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Structural formula of hexafluoroethane
Ball-and-stick model of the hexafluoroethane molecule
IUPAC name
Other names
Carbon hexafluoride, 1,1,1,2,2,2-Hexafluoroethane, Perfluoroethane, Ethforane, Halocarbon 116, PFC-116, CFC-116, R-116, Arcton 116, Halon 2600, UN 2193
3D model (JSmol)
ECHA InfoCard 100.000.855
EC Number
  • 200-939-8
RTECS number
  • KI4110000
Molar mass 138.01 g.mol−1
Appearance Colorless odorless gas
Density 5.734 kg.m−3 at 24 °C
Melting point −100.6 °C (−149.1 °F; 172.6 K)
Boiling point −78.2 °C (−108.8 °F; 195.0 K)
log P 2
0.000058 mol.kg−1.bar−1
Safety data sheet See: data page
NFPA 704 (fire diamond)
Flammability code 0: Will not burn. E.g. waterHealth code 1: Exposure would cause irritation but only minor residual injury. E.g. turpentineReactivity code 0: Normally stable, even under fire exposure conditions, and is not reactive with water. E.g. liquid nitrogenSpecial hazards (white): no codeNFPA 704 four-colored diamond
Flash point Non-flammable
Supplementary data page
Refractive index (n),
Dielectric constantr), etc.
Phase behaviour
Except where otherwise noted, data are given for materials in their standard state (at 25 °C [77 °F], 100 kPa).
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Infobox references

Hexafluoroethane is a fluorocarbon counterpart to the hydrocarbon ethane. It is a non-flammable gas negligibly soluble in water and slightly soluble in alcohol.

Physical properties[edit]

Hexafluoroethane's solid phase has two polymorphs. In the scientific literature, different phase transition temperatures have been stated. The latest works assign it at 103 K (−170 °C). Below 103 K it has a slightly disordered structure, and over the transition point, it has a body centered cubic structure.[1] The critical point is at 19.89 °C (293.04 K) and 30.39 bar.[2]

Table of densities:

State, temperature Density (kg.m−3)
liquid, −78.2 °C 16.08
gas, −78.2 °C 8.86
gas, 15 °C 5.84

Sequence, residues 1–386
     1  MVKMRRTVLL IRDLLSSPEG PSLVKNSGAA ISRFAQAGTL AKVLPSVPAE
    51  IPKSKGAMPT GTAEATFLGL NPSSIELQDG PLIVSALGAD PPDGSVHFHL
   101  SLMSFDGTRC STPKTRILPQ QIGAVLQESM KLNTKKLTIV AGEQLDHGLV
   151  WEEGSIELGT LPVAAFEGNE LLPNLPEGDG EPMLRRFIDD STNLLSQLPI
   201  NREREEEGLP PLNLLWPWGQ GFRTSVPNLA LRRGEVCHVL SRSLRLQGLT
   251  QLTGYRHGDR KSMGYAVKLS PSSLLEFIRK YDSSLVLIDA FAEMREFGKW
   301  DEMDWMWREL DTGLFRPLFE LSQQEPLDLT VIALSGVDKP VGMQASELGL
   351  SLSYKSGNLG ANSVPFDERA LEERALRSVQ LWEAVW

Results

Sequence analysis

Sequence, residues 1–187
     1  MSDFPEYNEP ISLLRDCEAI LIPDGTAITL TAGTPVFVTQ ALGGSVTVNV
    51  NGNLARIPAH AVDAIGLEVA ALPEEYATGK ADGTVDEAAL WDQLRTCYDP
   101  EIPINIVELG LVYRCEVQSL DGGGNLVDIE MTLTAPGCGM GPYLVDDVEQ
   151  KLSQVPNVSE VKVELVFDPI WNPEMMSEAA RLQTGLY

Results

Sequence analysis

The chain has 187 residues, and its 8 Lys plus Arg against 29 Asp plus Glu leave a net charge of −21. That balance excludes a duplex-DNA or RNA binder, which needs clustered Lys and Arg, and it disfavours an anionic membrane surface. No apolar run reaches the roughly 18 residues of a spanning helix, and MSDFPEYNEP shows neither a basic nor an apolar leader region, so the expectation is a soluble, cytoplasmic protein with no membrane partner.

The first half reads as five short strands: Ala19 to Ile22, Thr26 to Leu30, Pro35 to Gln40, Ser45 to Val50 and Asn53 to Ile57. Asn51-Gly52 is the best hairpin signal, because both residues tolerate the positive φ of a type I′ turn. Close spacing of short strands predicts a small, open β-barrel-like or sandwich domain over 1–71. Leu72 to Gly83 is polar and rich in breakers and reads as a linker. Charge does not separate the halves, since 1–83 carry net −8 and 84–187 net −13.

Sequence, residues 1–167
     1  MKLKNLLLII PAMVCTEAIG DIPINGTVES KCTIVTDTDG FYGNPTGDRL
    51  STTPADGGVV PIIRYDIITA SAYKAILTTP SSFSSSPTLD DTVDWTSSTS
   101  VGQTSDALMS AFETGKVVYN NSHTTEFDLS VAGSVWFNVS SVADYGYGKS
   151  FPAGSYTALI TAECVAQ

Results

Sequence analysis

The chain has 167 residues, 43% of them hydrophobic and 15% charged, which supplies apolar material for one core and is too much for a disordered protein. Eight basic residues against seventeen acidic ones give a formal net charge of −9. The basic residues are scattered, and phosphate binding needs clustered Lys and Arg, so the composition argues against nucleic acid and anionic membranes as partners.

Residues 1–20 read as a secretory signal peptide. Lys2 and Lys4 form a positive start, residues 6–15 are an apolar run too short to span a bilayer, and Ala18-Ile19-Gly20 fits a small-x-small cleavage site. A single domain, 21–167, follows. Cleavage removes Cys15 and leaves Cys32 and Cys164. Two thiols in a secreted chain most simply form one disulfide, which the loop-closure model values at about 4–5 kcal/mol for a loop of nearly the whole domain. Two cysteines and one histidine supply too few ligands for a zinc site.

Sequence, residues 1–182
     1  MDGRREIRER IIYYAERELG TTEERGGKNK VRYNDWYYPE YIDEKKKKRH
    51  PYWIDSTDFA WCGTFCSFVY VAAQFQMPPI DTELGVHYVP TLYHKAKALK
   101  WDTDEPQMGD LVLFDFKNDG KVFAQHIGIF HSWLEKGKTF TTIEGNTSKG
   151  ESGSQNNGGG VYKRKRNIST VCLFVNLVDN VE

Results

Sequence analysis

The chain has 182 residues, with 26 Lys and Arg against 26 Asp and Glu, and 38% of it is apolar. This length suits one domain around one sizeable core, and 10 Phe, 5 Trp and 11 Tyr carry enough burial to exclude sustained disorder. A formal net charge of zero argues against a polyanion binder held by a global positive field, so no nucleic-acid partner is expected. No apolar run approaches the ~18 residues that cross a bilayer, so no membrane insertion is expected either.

gas, 20.1 °C 5.716
gas, 24 °C 5.734

Vapor density is 4.823 (air = 1), specific gravity at 21 °C is 4.773 (air = 1) and specific volume at 21 °C is 0.1748 m3/kg.


Hexafluoroethane is used as a versatile etchant in semiconductor manufacturing. It can be used for selective etching of metal silicides and oxides versus their metal substrates and also for etching of silicon dioxide over silicon. The primary aluminium and the semiconductor manufacturing industries are the major emitters of hexafluoroethane.

Together with trifluoromethane it is used in refrigerants R508A (61%) and R508B (54%).

Environmental effects[edit]

Due to the high energy of C-F bonds, it is very inert and thus acts as an extremely stable greenhouse gas, with an atmospheric lifetime of 10,000 years (other sources: 500 years)[3] and a global warming potential (GWP) of 9200. A calculated atmospheric lifetime range of 500 to 10,000 years has been reported.[3] Atmospheric concentration of tetrafluoroethane is 3 pptv (increase by 3 pptv since 1750[4]). However, it has a strong absorption potential in the infrared part of the spectrum. Radiative forcing is 0.001 W/m2. Its ozone depletion potential (ODP) is 0.

Hexafluoroethane is listed in IPCC list of greenhouse gases.

Main industrial emissions of hexafluoroethane besides tetrafluoromethane are produced during production of aluminium using Hall-Héroult process.

Health risks[edit]

Due to its high relative density, it gathers in low-lying areas, and at high concentrations it can cause asphyxiation. Other health effects are similar to tetrafluoromethane.

See also[edit]


  1. ^ Zeng, S.X.; Simmons, R.O.; Timms, D.N.; Evans, A.C. (1999). "Dynamics and structure of solid hexafluoroethane". Journal of Chemical Physics. 110 (3): 1650–61. Bibcode:1999JChPh.110.1650Z. doi:10.1063/1.477806.
  2. ^ Helmut Schan: Handbuch der reinsten Gase. Springer, 2005, ISBN 978-3-540-23215-5, S. 307.
  3. ^ a b "Perfluoroethane CASRN: 76-16-4". TOXNET Toxicology Data Network. National Library of Medicine. 2016-10-25.
  4. ^ "Climate Change 2001: The Scientific Basis". Archived from the original on 2007-06-15. Retrieved 2007-06-02.

External links[edit]